A refreshing change of pace for immigration reform
In a momentous deal last weekend that had previously been thwarted by fragmented business and labor leaders for years, the two sides — AFL-CIO (American Federation of Labor-Congress of Industrial Organizations) and the U.S. Chamber of Commerce — finally came to an agreement regarding a visa program that would allow businesses to bring up to 200,000 low-skilled workers into the U.S. annually, depending on economic conditions. They also managed to resolve disagreements over wages for new workers and which industries would be included. In the past, the lack of compromise on these details had blocked passage of similar immigration reform bills. This historic agreement marks the beginning of truly progressive immigration reform, which is expected to include a 10-year path to legal permanent status for the country’s 11 million undocumented workers, billions of dollars for new border security measures, and reforms to the legal immigration program.
This agreement of compromise by two rival organizations represents a major shift in our polarized way of thinking. Where the status quo was to not budge from their ideals, this agreement reveals that such staunch positions are not acceptable to the American public and, further, they prove to be a failure at the voting booth. But more so than anything else, it’s a refreshing change of pace after years of the rhetoric coming from conservative legislators like former U.S. Rep. Elton Gallegly, R-Moorpark, who, up until a few months ago, demanded that the only way to reform immigration was to force undocumented workers to return to their own countries by driving them out of their jobs and making them hungry and homeless. This strategy turned out to be a failure, however, when put into practice and migrant workers didn’t show up to harvest crops when the threat of deportation became a reality. But that didn’t stop Gallegly from continuing to tout it. What a difference a Democratic presidential re-election makes.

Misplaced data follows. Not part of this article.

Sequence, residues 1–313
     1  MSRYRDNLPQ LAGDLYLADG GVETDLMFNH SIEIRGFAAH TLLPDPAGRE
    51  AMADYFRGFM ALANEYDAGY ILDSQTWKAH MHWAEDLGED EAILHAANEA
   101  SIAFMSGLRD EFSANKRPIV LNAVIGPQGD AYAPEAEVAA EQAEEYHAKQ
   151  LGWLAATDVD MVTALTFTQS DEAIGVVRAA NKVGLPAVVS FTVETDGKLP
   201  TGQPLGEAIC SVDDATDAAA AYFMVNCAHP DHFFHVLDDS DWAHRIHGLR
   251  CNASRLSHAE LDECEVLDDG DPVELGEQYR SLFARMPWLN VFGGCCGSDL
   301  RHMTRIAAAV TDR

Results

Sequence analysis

The lingering bigotry in this country, however, remains comparable to the stench of road kill in a nice, up-and-coming neighborhood. Without fail, whenever the conversation comes up about equal opportunities for those who have lived and worked in this country for many years, contributing to social security that they will never receive, pay sales tax for services they don’t get to use, etc., the fallback is always the same: they are illegals. And for certain staunch conservative voters, that perspective will never change. But as one reader put it, white conservative Republicans are the new minority (though we fully disagree with the reader’s idea that this new minority is experiencing similar persecutions as African-Americans or any other minority). What these conservatives see as persecution is simply the fact that the majority of Americans have become intolerant of bigotry, racism, discrimination and the lack of compassion in general, for our fellow man and woman. It’s time to go with the flow of tolerance rather than fight it, though it is ironic that those who support tolerance have become intolerant.
While, understandably, both conservative and liberal lawmakers will have to make concessions for immigration reform — the path to legal permanent residency for better border protection, etc. — it’s truly a great time in our country to be finally moving forward with compassion and empathy rather than intolerance and discrimination. The feelings of hatred and resentment are being shredded as the future becomes brighter for those 11 million undocumented workers. In a few years, it is hoped that all of the time spent decrying these people for taking away jobs from Americans and abusing our medical and education systems will be a memory as they, too, will just be people contributing to the growth and prosperity of our country.